Diet, nutrition prove vital to a patient’s health and healing
Did you know that Patient Food and Nutrition Services delivers more than 2,000 meals per day to patients at Michigan Medicine? Or that team members consult with patients regarding more than 100 different diets?
Indeed, the department has a complicated, yet extremely important job at Michigan Medicine.
Erica Raymond, M.S., R.D.N., was recently named the director of PFANS. In her new role, she oversees all areas of the department, including inpatient room service, registered dietitian nutritionists and the Milk Room.
In honor of Health Care Food Service Workers Week, Headlines recently sat down with Raymond to discuss her job, the importance of nutrition for patients at Michigan Medicine and the challenges and opportunities that lie ahead for her team.
Here’s what she had to say!
Q: You are fairly new to your role as director of PFANS. What positions did you hold before taking over as director?
ER: I have been a part of the Patient Food and Nutrition Services team for more than 10 years. I started my career journey at U-M Health in 2009 as a dietetic intern. I then worked as a clinical dietitian in a variety of specialty areas including general medicine, thoracic surgery and surgical critical care. I was promoted to nutrition services manager in 2016 and to associate director of nutrition services in 2018. I am grateful for the quality and variety of professional and career development resources at Michigan Medicine. It’s a privilege to be a part of the PFANS team.
Q: Why is nutrition so important for patients at Michigan Medicine? How does PFANS fit into the bigger picture of patient care?
ER: At Michigan Medicine, we care for a diverse patient population with complex medical conditions. Our highly-skilled team of clinical dietitians work closely with patients, families and the other care providers to individualize nutrition care plans and goals for patients based on their unique clinical condition and nutrient needs. Our food service teams maintain reliable systems for procuring, inventorying, preparing and delivering food and nutrition therapy that is safe, inclusive and represents the high level of quality and service expected from our organization.
Our room service model allows patients and families to engage in their nutrition care. Call center associates are highly trained to assist patients in choosing meals and snacks that are appropriate based on their individualized nutrition plan and prescribed diet order. We have teams dedicated to delivering food, formula and nutrition supplements to inpatient and ambulatory care units, as well as to the bedside. Each patient interaction is an opportunity to affirm our commitment to patient safety, customer service and our Michigan Medicine core values.
Food and nutrition are a vital part of the patient experience. Quality nutrition is not only a critical component of health, wellness and recovery; food is also a representation of caring, healing, community and belonging. Food and nutrition is important to our patients — and patients are the center of all that we do.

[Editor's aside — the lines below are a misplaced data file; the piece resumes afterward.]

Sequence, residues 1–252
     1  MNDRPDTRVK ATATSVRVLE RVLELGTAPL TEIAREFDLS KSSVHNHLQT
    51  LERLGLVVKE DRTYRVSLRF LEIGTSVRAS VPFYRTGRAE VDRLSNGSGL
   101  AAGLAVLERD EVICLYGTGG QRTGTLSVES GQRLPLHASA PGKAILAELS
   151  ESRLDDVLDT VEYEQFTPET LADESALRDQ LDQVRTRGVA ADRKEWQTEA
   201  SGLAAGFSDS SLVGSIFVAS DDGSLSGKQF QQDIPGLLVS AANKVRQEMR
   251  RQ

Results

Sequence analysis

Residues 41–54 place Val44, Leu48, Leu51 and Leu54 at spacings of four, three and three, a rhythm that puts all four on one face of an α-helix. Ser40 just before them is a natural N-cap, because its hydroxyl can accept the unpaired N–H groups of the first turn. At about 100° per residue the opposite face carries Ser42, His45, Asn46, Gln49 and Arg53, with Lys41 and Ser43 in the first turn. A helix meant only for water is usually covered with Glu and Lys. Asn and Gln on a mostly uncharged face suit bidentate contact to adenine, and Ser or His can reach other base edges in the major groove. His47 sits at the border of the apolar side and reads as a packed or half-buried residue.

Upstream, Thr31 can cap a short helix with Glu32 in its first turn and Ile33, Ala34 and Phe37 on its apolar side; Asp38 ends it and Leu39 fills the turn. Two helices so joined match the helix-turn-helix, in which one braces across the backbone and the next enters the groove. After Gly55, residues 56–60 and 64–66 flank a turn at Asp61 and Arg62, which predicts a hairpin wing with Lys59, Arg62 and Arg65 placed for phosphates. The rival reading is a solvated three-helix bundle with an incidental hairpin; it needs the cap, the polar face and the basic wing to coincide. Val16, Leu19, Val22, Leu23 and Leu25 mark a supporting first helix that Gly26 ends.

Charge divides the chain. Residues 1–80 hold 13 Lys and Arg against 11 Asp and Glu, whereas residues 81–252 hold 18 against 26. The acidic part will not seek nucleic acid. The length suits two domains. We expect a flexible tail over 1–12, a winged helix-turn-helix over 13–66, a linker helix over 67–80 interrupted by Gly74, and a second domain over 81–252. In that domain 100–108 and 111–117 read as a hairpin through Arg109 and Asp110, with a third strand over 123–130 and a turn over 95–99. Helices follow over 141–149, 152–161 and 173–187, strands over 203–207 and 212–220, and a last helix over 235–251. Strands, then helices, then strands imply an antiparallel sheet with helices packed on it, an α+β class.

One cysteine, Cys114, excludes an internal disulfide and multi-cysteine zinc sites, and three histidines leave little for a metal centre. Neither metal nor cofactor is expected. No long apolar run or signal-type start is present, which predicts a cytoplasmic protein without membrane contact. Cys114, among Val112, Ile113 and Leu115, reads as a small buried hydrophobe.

Q: What has been the biggest challenge your teams have faced during the pandemic and how have you overcome them?
ER: The pandemic has introduced a pace of change unlike anything we have experienced before, and there are many aspects of our daily work that look different than they did two years ago. Our team has demonstrated creativity and innovation in response to supply and labor shortages, and has embraced the flexibility needed to adapt to changes in our work culture.
We have worked closely with our clinical colleagues and environment of care partners to adjust our food/formula preparation, delivery and service models in response changes occurring at a unit level. We have a dedicated team who maintain our food service software, to ensure that we provide timely, accurate and reliable service in such a dynamic environment.
Despite constraints, our team continues to make hot meals that are served to our communities through the Ann Arbor and Ypsilanti Meals on Wheels program, in addition to serving thousands of meals per day on the main medical campus.
I am proud of the commitment and resilience of our team throughout the pandemic response, and the engagement of our team in embracing innovation as we adapted to change. PFANS has never lost sight of our shared priority to putting patients and families first, and our staff are essential to delivering mission critical service. Our team is our secret recipe.
Q: Are there any initiatives that you are excited about that your department is working on in the months and years ahead?
ER: I am excited about building the food services and systems that will allow us to meet the current and future needs of our patients and that support access to food and nutrition services. I look forward to integrating new technologies into our daily work that enhance safety, improve the patient experience and support our staff who deliver care and services to our patients every day. I am excited to increase commitment to sustainability initiatives. I am excited to continue to offer a menu and nutrition product formulary that are inclusive to the diverse populations and unique nutrition conditions we serve.
Q: What do you like to do outside of work?
ER: I enjoy spending time with my friends and family; cooking, baking (and eating); reading (mostly non-fiction); attending live theatre performances; and volunteering.
During Health Care Food Service Workers Week, be sure to thank a member of PFANS in your area!
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